Stephanie and Julie shared genetic features that had their bodies in full rebellion against them, each being afflicted with a cancer more normally seen in old men than young women. They shared the desperate desire to live for their girls. And they shared a deep and mutual admiration, although they would never meet. Stephanie was diagnosed with her terminal cancer in May of 2013, and Julie in July of the same year. As Stephanie’s disease progressed, circumstances conspired to make me her caregiver – another long story – and I came to know more about colon cancer than I ever meant to know. After I discovered Julie’s cancer blog, I shared her writing with Stephanie, and Julie became as much a pillar of strength for Stephanie as Stephanie was for Julie. Their mutual ardor was very moving. Steph and I would email Julie’s posts back and forth, and on more than one occasion I read Julie’s writing to Stephanie in hospital rooms in Ocean Springs, Mississippi, New Orleans, and New York City.

After Stephanie died, Julie and I met. She said that we were destined to meet, because I was grieving Stephanie’s death, and was in need of the consolation only someone who was going through the same experience would be able to provide. And Julie told me that she needed to meet me because I had just seen Stephanie through to her death, and she needed to know every detail of what that was like. I think she was absolutely right on both counts.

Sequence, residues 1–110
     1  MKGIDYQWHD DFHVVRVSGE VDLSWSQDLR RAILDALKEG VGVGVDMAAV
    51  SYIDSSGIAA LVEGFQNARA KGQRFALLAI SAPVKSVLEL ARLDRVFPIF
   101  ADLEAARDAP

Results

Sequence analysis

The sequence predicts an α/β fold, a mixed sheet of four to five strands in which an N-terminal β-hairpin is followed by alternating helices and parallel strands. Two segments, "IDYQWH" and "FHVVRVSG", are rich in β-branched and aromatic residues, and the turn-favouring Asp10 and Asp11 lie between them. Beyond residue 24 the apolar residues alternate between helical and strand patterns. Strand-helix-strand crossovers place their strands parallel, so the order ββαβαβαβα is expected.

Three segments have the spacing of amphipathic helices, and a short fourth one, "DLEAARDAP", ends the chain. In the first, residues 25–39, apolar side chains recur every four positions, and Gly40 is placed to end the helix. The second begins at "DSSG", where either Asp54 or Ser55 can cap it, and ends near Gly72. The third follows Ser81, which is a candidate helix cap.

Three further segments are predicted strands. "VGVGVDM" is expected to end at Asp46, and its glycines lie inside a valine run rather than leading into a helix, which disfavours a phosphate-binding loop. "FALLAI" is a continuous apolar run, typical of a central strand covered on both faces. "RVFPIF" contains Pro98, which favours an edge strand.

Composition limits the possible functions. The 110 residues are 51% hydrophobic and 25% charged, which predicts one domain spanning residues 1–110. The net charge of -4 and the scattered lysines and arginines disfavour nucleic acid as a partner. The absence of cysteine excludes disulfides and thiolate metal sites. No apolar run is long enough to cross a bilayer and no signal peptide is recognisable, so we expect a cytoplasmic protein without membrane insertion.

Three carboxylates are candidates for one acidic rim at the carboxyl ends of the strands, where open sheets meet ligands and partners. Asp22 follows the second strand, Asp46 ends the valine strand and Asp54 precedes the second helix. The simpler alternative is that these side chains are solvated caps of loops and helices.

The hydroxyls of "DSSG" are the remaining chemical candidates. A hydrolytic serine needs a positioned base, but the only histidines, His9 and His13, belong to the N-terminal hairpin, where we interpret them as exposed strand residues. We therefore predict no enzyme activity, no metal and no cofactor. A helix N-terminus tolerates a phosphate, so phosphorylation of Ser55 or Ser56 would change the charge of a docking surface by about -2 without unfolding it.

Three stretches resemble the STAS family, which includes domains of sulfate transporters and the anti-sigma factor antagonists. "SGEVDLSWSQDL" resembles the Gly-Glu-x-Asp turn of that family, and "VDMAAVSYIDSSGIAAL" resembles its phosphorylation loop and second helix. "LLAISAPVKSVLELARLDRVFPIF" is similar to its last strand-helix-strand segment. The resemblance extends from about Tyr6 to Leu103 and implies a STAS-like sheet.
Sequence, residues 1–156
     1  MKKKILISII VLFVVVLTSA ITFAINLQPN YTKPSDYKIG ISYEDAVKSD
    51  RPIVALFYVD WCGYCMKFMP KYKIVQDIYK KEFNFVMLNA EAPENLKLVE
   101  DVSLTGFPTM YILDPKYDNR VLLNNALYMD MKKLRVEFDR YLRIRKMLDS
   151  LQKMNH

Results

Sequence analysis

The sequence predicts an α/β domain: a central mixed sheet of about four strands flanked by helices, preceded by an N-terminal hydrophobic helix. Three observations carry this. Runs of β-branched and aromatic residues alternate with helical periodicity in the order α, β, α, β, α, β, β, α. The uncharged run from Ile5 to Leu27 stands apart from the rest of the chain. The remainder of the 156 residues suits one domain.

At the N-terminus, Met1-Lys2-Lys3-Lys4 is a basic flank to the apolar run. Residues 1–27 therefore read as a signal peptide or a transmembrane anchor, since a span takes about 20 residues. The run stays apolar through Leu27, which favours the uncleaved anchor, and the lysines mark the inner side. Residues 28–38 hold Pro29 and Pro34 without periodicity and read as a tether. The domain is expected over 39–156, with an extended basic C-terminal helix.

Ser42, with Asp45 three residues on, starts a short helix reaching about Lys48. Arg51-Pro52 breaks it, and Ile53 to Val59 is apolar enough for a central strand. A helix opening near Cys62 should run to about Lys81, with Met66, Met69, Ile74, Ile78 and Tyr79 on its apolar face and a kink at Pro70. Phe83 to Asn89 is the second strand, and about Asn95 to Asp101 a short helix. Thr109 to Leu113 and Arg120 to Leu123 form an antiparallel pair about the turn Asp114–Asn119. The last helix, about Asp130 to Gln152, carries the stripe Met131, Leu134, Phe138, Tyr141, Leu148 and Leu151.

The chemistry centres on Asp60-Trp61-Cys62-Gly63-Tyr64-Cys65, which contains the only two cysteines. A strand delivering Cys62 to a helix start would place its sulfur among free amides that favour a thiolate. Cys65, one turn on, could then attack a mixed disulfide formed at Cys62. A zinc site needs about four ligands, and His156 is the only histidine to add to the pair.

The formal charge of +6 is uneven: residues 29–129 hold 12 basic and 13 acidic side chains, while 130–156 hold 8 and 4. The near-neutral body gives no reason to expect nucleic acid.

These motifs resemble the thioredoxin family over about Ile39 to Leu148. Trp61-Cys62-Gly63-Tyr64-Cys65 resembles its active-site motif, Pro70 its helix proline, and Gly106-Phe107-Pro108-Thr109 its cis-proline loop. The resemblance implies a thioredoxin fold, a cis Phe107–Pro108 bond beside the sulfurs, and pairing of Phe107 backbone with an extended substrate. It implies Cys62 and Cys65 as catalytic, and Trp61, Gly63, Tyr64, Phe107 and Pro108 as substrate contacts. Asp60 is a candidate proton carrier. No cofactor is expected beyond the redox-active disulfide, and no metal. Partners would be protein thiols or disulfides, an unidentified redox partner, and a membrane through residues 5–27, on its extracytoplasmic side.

And from the very beginning of the conversation about her life and her writing, Julie would talk freely and with her usual bracing honesty about the most elemental and intimate of things – the biggest possible questions: Why are we as a culture so afraid of death? (The “hope industrial complex” is how she once put it to me.) What is pain? What is love? Why does love have the capacity to cause such pain? What happens next? Questions that’ll strip the bark right off of you. Stipulated in all of this was the unfairness of fate, and the necessity to accept fate, learn from it, evolve, and meet it with open arms. I don’t think we encounter this degree of radical honesty very often. She did not seek refuge in denial, nor did she go looking outside herself for a miracle. Instead she looked inward, and took inventory of the miracles that were already there.

She was funny and angry and tender and brave. I feel so lucky to call her my friend, and so grateful that she has left us this book.

As an editor, what were the challenges and rewards in bringing Julie’s story to book form?

The challenges were the rewards.